- Higher Education
- K-12 Education
Nate Silver has already changed the way people evaluate baseball players. During this election cycle, he also changed the conventional wisdom about whether that the outcome would be “too close to call.”
So I’m thinking it may be time for him to turn his talents to education.
Silver first came to national prominence with his statistical modeling in baseball. At a time wContinue Reading »
The party conventions are over; President Obama and Governor Romney are neck and neck in the polls. As we head toward November 6th it’s a good time to ask what each candidate is likely to do in the next four years to address the complex, multilayered, and politically fraught crisis in American education. The stakes are high because as the 21st century unfolds our clunky and often rusty K20 educContinue Reading »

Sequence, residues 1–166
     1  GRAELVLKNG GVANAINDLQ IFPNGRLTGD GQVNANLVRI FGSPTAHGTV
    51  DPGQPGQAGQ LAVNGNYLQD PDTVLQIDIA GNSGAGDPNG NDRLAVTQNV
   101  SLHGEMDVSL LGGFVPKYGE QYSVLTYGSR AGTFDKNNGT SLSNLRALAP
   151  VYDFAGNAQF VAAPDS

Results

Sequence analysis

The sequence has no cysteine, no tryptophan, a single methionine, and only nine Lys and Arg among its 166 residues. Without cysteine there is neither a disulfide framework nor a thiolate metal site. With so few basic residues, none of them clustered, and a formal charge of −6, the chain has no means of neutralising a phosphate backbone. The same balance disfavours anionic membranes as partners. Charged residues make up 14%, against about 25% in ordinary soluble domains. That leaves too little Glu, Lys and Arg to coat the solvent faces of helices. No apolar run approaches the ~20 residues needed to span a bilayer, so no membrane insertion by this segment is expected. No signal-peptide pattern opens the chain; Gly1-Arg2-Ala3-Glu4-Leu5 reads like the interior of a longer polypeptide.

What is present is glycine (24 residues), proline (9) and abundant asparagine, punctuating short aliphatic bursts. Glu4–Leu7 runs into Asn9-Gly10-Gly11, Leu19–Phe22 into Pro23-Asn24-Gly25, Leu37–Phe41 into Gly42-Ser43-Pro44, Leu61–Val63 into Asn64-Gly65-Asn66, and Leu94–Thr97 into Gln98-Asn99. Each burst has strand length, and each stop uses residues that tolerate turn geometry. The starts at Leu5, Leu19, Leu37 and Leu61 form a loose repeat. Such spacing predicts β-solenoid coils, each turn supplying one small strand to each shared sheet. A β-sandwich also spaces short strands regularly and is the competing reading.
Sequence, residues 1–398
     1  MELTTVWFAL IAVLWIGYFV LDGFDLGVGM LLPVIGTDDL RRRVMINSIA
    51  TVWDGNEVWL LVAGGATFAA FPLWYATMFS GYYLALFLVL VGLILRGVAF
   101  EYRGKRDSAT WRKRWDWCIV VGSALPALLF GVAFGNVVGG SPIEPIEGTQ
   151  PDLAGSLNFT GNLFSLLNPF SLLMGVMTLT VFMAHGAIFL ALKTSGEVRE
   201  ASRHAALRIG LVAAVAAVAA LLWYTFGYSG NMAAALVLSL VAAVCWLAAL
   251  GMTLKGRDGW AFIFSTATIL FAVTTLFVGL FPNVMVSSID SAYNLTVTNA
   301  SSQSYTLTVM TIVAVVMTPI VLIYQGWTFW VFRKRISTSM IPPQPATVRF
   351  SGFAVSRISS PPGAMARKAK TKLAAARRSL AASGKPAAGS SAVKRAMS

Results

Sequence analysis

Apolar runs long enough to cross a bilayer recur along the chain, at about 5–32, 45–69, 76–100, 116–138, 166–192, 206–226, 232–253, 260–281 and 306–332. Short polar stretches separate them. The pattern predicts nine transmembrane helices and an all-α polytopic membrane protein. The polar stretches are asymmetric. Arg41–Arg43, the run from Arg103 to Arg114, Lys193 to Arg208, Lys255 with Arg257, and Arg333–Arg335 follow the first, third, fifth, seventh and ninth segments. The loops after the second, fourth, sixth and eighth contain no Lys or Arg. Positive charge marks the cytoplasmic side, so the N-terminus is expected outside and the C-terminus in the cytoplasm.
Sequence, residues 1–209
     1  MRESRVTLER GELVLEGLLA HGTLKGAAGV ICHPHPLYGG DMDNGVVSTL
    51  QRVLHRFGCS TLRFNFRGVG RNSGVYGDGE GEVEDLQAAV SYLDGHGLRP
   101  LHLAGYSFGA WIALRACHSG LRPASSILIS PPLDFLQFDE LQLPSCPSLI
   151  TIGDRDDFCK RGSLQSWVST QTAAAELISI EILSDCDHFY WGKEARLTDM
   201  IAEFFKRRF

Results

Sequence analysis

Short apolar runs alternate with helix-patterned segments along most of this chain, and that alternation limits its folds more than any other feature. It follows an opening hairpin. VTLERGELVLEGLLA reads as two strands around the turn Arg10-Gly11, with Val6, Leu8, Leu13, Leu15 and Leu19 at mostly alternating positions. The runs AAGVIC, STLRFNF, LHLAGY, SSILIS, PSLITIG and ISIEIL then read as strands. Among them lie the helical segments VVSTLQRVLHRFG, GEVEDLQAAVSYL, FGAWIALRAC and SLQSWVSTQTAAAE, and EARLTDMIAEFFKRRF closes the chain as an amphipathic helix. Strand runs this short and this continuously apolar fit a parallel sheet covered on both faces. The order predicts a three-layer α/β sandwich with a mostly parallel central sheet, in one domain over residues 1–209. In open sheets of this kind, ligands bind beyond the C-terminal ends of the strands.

In recent posts on The Quick and The Ed, Education Sector staff members have discussed the downsides of Romney’s recently announced school choice plan. Policy Analyst Anne Hyslop argued that with school choice, a student’s educational opportunities will depend on the engagement and capabilities of the parent, as well as the luck of the lottery. Under Romney’s plan, students with unengaged or Continue Reading »
Dear Kevin, Mike, Checker, and all you other edu-writers:
Voucherize is not a word.
A voucher, at least when one is referring to the use of public money to subsidize parental school choice, is a noun. While it may be popular with McKinsey, et al. to transform everyday, snooze-inducing nouns (like incentive) into a slick, shiny action verb… I expect more from you.
Unveiling his education plan for the nation, presumptive Republican presidential nominee, Mitt Romney, today spoke first for the principle of school choice. He promised, if elected, to use federal dollars to encourage states to offer more choices to students from low income families, including traditional public schools, charter schools, digital schools—and private schools, if states allow it. Continue Reading »